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The former Water Department building has been removed and the field leveled and planted with grass at the Father Tom Campsite.
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Father Tom Campsite Coming Together Through Community Efforts

By Jack GuerinoiBerkshires Staff
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The former Water Department building is demolished. The Selectmen voted last year to have it removed. 
CHESHIRE, Mass. — The Father Tom Appalachian Trail campsite is coming along with a new fence slated to be installed in the coming weeks
 
"There might be one other campsite like this in a town between Georgia and Maine on the whole AT so this is a unique campsite in a town like this is rare," said Eileen Quinn, head of the Appalachian Trail Committee. "Cheshire is definitely getting on the map."
 
The town, which is now an Appalachian Trail Community, established the campsite last year near the town garage. The site, named after former pastor of St. Mary's Church, the Rev. Thomas Begley, has electricity and USB ports for charging phones and devices, water, a picnic table, portable toilet, and bicycles
 
On the site, there was a dilapidated structure formally used by the Water Department. Recently resident Gary Trudeau helped demolish the structure with his excavator.
 
"It is all clear, there is topsoil and grass," Quinn said. "It looks a lot better."
 
Now with that done, the committee plans to install a privacy fence to better isolate the campsite.
 
"It was obvious that we needed some sort of privacy fencing for people. There is a lot of traffic there along the trail and we don't really want to attract passers-bys," she said. "Or anybody there to have a picnic, party, or even use the bathrooms. We want to keep it for the hikers."
 
With the pandemic, the town had an unspent 2020 recreation budget and was able to provide funds to purchase the materials to build the fence.
 
Quinn said last week her core group of volunteers got to work.
 
"We are building it. It is not like a prefab thing," she said. "We had it all apart out on sawhorses; we had to paint 130 6 foot boards. We had another crew installing posts ... someone brought music. It was just an amazing community event, especially after COVID."
 
She thanked Appalachian Trail volunteer Cosmo Catalano Jr. who has been the "engine" behind the project and helped design the site. She also thanked the various town departments for helping along the way.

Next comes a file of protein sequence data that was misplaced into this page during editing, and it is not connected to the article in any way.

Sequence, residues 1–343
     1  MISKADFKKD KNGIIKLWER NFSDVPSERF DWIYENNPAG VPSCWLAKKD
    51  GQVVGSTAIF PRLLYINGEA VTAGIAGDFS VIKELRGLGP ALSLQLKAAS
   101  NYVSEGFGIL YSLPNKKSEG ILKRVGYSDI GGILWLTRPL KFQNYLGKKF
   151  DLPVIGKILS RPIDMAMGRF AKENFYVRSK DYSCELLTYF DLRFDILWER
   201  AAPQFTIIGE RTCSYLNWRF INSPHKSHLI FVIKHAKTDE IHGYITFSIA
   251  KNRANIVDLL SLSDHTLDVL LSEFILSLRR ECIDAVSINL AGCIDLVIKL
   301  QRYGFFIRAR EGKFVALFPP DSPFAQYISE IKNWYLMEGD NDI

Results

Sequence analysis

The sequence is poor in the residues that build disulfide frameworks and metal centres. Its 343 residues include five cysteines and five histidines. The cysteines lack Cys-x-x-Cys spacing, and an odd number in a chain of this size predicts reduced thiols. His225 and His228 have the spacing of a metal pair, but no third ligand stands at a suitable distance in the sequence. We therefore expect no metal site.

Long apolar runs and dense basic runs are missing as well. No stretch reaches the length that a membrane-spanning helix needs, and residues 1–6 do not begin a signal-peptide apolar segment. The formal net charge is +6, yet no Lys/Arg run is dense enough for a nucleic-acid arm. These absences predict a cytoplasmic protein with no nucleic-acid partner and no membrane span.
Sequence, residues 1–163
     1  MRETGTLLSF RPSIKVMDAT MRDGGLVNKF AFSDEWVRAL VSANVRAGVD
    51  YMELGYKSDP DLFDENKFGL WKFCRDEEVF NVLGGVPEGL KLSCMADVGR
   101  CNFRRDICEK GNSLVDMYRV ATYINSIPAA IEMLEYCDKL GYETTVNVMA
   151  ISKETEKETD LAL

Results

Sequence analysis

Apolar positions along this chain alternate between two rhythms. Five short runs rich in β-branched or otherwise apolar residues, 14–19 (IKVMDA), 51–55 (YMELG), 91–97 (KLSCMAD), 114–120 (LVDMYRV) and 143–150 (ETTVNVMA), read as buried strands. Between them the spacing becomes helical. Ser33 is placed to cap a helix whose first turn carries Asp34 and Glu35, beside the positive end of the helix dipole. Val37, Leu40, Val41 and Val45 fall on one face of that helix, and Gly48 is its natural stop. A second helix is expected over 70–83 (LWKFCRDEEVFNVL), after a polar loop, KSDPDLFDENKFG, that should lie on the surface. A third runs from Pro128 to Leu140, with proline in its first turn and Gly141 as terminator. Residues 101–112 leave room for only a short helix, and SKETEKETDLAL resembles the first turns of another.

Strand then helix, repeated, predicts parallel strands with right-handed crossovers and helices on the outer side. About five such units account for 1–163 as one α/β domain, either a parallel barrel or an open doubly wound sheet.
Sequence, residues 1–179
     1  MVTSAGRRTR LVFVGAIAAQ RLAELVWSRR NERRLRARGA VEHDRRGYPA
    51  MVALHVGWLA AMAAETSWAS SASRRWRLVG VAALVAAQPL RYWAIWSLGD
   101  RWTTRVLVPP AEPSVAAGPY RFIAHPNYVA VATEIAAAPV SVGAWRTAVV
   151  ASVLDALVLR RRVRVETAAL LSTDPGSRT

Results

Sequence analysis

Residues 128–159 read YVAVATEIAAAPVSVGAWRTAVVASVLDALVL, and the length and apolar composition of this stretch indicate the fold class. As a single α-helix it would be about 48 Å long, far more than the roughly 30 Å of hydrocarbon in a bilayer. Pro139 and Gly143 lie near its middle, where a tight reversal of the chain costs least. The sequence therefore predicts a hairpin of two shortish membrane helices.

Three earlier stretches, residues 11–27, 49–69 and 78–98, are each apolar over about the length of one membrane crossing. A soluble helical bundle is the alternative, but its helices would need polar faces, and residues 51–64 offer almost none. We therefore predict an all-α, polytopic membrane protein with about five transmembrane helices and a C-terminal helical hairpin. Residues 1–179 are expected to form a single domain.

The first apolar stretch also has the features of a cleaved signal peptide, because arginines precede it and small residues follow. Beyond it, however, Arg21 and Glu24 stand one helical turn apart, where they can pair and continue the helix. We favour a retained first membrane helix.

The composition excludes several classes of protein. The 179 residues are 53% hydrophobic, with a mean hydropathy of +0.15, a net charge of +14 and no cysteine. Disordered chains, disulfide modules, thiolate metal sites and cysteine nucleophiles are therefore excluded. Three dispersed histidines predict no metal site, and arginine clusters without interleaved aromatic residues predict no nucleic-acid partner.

Quinn said the results speak for themselves.
 
"I am down there a lot, and I see hikers there all the time. There were six or seven tents," she said. "They are using the bikes and the the electrical ports."
 
The fence will close out planned projects for the year. Quinn said they may install some sort of pavilion or cover in the future.
 

Tags: Appalachian Trail,   campground,   camping,   

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Cheshire Select Board Discusses CARES Act Funding

By Gregory FournieriBerkshires Correspondent

CHESHIRE, Mass.—The Selectmen on Tuesday discussed CARES Act spending with Town Accountant Lynne Lemanski.

The town has "requested almost up to the limit of what [Cheshire is] eligible for," Lemanski said. She noted that the town is eligible for $277,199 and it has requested $276,828 thus far. Cheshire must request the remaining funds and spend them before the end of the year or return them to the state government.

Cheshire has left unspent close to $110,000, and the Selectmen brainstormed ideas about where to spend the remaining money.

Coronavirus Aid, Relief, and Economic Security Act funding is limited to certain types of expenditures, including public health infrastructure and unemployment for municipal workers. In keeping with these restrictions, Selectman Ray Killeen suggested buying some portable pump-operated hand-washing or sanitizing stations.

Noting that Cheshire is opening up and have more events, Killeen said it would be beneficial "to have six or seven [stations] on hand so as people mingle, they have the ability to sanitize [their] hands."

Selectman Jason Levesque noted that the Appalachian Trail campsite on Church Street could use this for the through hikers to wash their hands.

Selectman Shawn McGrath wondered if personal protective equipment (PPE) "can be purchased [by the town] up front in case there's a spike" in COVID-19 cases in the future.

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